Images courtesy of the National Gallery of Victoria

remembering australia’s coolest 80s fashion magazine

Three decades later, 'Collections' is a bombastic time capsule of an ongoing party it's painful to have missed.

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May 11 2016, 2:20pm

Images courtesy of the National Gallery of Victoria

From 1983 to 1993 the Fashion Design Council was the most exciting force in Australian style. Founded in Melbourne by illustrator and designer Robert Pearce, artist Kate Durham, and arts law graduate Robert Buckingham, the group described itself as "brazen hussies, glamour pusses, spivs and bright sparks; rising stars, mischief-makers."

"There was a sense something was happening in fashion and we felt we had the opportunity to do something meaningful," Robert recalled in conversation with i-D Australia last year. The designers, models, creatives, and cool kids that formed their ranks weren't interested in conforming to a style heritage from Europe. Rather, they were inspired by parties, nightclubs, and the looks that lurked inside of them.

Members included Martin Grant, Christopher Graf, Kara Baker, Bruce Slorach and Sara Thorn, Fiona Scanlan, Peter Morrissey and Leona Edmiston, Brighid Lehmann, Tamasine Dale, Gavin Brown, Vanessa Leyonhjelm, and Richard Nylon. The FDC promoted its work through parades, events, activations, installations, and groundbreaking publications.

As a young designer Kara Baker was involved with every event FDC presented. Speaking to i-D, she remembers there was "a sense that it was a special moment." The FDC gave young designers the support and encouragement they needed to experiment with original and idiosyncratic designs. "The FDC promoted underground emerging creative designers and showcased them to a young appreciative audience, which created a demand for the clothing we produced and helped build our businesses," Kara adds.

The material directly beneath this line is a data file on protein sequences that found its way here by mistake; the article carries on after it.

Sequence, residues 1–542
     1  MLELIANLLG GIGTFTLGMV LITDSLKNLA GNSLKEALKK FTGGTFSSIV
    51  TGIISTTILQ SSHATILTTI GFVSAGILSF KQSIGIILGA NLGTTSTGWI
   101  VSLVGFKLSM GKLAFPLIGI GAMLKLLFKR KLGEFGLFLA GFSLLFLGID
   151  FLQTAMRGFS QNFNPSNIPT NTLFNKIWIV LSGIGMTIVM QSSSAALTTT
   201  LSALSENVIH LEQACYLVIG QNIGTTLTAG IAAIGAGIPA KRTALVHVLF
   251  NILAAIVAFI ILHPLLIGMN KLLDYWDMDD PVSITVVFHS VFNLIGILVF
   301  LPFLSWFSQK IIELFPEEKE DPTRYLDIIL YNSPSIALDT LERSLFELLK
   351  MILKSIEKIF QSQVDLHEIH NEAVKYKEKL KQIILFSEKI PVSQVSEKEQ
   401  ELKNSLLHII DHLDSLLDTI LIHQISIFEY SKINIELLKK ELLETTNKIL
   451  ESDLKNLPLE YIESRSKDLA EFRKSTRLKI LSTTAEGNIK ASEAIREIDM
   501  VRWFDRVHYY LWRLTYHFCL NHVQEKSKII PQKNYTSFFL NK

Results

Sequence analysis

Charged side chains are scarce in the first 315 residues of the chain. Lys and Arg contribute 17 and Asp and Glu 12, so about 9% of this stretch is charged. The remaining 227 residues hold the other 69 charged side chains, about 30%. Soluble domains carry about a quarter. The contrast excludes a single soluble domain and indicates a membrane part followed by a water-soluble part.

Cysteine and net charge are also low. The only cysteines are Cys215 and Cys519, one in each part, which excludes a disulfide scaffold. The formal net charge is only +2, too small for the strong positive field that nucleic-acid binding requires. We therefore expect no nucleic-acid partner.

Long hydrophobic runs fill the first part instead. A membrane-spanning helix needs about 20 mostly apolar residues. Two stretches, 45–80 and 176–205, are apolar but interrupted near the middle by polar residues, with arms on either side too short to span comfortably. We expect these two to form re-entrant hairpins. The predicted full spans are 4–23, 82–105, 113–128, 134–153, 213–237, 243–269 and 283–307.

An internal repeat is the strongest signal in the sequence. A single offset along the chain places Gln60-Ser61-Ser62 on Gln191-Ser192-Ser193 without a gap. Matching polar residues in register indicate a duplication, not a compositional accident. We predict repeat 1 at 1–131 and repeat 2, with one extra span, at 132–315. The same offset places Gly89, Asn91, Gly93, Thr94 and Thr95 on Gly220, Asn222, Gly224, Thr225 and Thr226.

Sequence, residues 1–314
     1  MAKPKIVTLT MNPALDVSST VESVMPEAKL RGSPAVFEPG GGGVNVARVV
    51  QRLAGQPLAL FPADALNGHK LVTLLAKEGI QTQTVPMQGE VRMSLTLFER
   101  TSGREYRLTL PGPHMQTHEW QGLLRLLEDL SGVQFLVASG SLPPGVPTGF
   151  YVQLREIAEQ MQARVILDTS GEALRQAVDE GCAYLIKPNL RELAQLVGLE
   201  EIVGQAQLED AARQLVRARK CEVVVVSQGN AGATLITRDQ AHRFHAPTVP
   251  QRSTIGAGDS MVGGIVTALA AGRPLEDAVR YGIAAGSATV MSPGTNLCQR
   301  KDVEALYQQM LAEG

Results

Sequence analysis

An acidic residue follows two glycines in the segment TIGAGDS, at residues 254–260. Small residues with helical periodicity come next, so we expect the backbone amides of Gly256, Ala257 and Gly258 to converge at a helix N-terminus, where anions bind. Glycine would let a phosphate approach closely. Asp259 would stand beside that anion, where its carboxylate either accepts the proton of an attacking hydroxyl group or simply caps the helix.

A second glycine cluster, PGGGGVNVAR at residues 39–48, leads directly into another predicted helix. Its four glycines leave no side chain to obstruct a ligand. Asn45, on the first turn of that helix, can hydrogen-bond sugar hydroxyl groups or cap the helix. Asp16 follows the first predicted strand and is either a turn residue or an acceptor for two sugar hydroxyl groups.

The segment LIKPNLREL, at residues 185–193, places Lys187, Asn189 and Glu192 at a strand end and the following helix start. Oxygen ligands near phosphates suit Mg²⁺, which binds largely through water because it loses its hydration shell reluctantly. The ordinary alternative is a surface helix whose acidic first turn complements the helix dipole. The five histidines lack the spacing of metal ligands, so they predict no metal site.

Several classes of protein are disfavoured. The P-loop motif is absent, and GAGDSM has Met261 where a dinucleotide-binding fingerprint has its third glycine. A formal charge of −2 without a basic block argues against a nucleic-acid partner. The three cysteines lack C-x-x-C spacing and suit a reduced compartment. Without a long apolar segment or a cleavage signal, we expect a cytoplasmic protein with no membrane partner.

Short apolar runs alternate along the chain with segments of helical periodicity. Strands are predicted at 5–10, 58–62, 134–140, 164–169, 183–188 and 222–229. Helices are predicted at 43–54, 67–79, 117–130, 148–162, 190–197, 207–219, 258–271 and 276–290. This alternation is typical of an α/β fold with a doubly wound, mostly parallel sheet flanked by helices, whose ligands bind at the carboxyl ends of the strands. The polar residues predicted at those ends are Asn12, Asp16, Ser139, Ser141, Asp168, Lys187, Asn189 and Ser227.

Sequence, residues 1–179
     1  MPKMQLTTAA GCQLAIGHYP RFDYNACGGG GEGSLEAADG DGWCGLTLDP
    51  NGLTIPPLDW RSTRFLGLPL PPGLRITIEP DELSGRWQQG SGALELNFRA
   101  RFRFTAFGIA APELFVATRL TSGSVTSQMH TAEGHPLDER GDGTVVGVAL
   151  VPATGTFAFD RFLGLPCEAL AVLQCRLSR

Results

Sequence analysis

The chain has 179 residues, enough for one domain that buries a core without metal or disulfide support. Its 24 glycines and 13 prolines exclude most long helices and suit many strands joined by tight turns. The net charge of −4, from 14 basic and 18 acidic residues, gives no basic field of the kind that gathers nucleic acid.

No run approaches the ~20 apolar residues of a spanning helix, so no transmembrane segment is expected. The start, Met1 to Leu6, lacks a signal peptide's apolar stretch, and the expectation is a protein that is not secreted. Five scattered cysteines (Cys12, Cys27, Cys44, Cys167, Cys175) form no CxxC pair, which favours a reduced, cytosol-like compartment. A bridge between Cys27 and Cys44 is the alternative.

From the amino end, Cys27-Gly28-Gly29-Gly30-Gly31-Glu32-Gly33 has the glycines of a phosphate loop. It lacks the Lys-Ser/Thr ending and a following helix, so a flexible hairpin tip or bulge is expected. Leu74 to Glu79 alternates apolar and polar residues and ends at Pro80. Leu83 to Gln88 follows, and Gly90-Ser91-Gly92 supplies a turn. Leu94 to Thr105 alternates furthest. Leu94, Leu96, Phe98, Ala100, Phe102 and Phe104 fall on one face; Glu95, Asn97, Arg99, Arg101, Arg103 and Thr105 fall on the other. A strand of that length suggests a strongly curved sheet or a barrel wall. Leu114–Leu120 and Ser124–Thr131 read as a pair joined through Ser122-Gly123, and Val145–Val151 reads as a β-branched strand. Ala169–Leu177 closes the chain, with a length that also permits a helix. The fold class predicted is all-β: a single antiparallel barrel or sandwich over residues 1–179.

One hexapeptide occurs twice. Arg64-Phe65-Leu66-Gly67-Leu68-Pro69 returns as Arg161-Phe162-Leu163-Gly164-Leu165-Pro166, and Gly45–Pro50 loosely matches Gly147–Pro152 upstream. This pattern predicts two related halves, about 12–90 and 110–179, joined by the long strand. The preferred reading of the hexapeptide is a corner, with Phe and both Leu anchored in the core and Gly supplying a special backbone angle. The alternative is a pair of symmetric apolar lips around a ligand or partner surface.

In the mid 80s, Robert Pearce had established a design studio and begun working on the short lived but influential magazine Collections. Three decades later, Collections exists as a bombastic time capsule to an ongoing party it's painful to have missed.

Recognizing the cultural importance of the magazine, the National Gallery of Victoria has archived almost every edition. Presently, a selection of Collections highlights is on display in the 200 Years of Fashion exhibition. The gallery recently opened up its archives to i-D, inviting us to share a few of our favorite looks. The editorial spreads are at once a history class and lesson in style. Big earrings are not a prerequisite, but they are highly recommended.

Credits


Text Wendy Syfret
Images courtesy of the National Gallery of Victoria